- Slope Paper 125Hochgeladen vonRonan Cayo
- 570Hochgeladen vonMargarida Morais
- IJKMS 70201 Anholon Et AlHochgeladen vonLuis Bembele
- Unit 1 Major ProjectHochgeladen vonOsama Mahmouud
- העצמה וצוות וירטואליHochgeladen vonEli Arviv
- file.pdfHochgeladen vonChukriCharbetji
- Solution Hayashi Cap 1Hochgeladen vonsilvio de paula
- Failure Assessment DiagramsHochgeladen vonpanbuu
- FDA CPGM Ch 48 - Bio Research Monitoring - In Vivo Bio EquivalenceHochgeladen vonenticed
- ModenMethods.pdfHochgeladen vonBazaraa Enkhbaatar
- Ligthning StrokeHochgeladen vonpicollodaemao
- Unit 3 Summative AssessmentHochgeladen vonLindsey
- Open Problems in Mathematics John Nash - Michael RassiasHochgeladen vonΚωνσταντίνος Πεχλιβάνης
- page-2Hochgeladen vongroningerwinkler
- TQM CUSTOMER SATISFACTION MEASUREMENTSHochgeladen vonBabar Zamaan Mohammed
- change matrix-1Hochgeladen vonapi-281582623
- Fuchsian GroupsHochgeladen vonJose Paternina
- Deflections.pdfHochgeladen vonChristopher Singleton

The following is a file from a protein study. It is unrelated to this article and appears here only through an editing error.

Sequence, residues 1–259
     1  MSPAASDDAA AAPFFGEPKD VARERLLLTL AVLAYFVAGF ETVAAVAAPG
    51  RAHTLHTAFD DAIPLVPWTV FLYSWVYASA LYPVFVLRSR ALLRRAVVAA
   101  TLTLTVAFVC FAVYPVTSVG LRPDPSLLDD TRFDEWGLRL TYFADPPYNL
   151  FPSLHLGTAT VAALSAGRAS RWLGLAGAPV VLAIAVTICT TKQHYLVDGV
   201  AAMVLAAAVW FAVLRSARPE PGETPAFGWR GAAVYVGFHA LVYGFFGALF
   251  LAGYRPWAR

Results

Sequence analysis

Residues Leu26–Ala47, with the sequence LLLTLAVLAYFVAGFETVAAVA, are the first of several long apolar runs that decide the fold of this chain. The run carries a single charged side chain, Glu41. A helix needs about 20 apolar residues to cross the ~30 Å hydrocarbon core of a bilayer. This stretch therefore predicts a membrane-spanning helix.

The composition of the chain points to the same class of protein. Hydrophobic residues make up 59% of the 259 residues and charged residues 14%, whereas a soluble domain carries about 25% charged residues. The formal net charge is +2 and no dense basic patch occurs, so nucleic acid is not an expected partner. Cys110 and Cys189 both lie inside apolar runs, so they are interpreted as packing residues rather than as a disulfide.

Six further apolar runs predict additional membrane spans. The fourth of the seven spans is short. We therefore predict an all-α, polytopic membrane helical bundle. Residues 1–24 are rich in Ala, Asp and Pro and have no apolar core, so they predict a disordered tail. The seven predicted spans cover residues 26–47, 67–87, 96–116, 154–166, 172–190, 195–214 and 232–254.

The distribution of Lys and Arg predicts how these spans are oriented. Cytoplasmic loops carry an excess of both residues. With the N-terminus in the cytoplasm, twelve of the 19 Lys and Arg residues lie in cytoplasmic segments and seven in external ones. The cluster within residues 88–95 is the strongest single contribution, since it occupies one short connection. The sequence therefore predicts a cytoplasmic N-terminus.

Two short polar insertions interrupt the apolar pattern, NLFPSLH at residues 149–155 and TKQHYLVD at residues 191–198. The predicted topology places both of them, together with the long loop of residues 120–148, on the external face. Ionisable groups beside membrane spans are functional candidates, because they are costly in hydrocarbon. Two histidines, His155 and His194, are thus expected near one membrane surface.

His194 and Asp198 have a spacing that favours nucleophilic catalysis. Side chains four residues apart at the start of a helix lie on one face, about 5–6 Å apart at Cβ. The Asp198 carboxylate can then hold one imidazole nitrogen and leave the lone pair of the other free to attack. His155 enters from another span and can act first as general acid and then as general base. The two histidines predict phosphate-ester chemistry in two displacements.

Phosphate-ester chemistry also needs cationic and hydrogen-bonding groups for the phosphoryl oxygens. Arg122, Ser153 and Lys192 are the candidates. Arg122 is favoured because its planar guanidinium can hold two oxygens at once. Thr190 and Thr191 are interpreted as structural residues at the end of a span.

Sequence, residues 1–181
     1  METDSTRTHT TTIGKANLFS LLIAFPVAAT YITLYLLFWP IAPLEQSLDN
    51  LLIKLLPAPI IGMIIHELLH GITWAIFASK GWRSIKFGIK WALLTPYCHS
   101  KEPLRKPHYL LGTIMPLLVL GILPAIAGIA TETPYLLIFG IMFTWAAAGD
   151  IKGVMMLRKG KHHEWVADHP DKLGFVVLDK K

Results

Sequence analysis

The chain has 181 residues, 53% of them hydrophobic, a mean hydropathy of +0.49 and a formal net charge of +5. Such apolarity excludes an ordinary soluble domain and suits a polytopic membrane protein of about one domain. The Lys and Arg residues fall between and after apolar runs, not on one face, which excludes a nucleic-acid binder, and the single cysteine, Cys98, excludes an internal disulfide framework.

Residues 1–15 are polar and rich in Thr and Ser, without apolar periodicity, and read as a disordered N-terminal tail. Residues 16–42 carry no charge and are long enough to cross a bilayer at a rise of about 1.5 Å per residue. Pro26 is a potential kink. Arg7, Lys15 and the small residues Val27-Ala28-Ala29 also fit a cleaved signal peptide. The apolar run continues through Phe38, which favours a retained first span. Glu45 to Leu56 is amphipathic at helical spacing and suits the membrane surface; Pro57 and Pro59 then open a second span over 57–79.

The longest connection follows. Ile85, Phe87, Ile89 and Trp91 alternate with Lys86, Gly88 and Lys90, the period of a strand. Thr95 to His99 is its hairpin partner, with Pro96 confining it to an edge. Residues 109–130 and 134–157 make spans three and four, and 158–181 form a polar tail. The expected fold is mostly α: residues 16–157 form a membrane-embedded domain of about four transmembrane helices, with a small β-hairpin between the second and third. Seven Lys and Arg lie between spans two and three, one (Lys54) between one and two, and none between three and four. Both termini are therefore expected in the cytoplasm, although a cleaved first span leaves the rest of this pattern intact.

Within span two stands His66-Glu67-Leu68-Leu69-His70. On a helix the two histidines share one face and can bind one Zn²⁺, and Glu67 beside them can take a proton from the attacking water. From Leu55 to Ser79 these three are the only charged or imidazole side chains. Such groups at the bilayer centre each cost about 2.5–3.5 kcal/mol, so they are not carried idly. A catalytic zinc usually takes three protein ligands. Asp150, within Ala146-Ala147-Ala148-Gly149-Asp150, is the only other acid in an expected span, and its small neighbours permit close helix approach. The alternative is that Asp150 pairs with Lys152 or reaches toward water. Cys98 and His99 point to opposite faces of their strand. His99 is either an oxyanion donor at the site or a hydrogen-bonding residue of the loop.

- la storyboard v1Hochgeladen vonapi-374992021
- Dynamic Interpretation of DynaflectHochgeladen vonSayed Diab Alsayed
- Rural Consumer Attitude KhadiHochgeladen vonutcm77
- Section 05 02 Ess Stats2eHochgeladen vonkaled1971
- T-18 NCHRP 12-81 Fatigue on the ServiceabilityHochgeladen vonghadasaudi
- PRBM 6049 a Study on Stress and Depression Experienced by Women 080509Hochgeladen vonRajen Dharini
- Assessment of Post Graduation Student OutcomesHochgeladen vonsethuraghul
- Probability ExamHochgeladen vonEmmanuel Sto Tomas
- AHSprHochgeladen vonAnurag Chand
- One-Dimensional Assembly Tolerance Stack-UpHochgeladen vonKakoDa
- Research ProposalHochgeladen vonSunny Sohail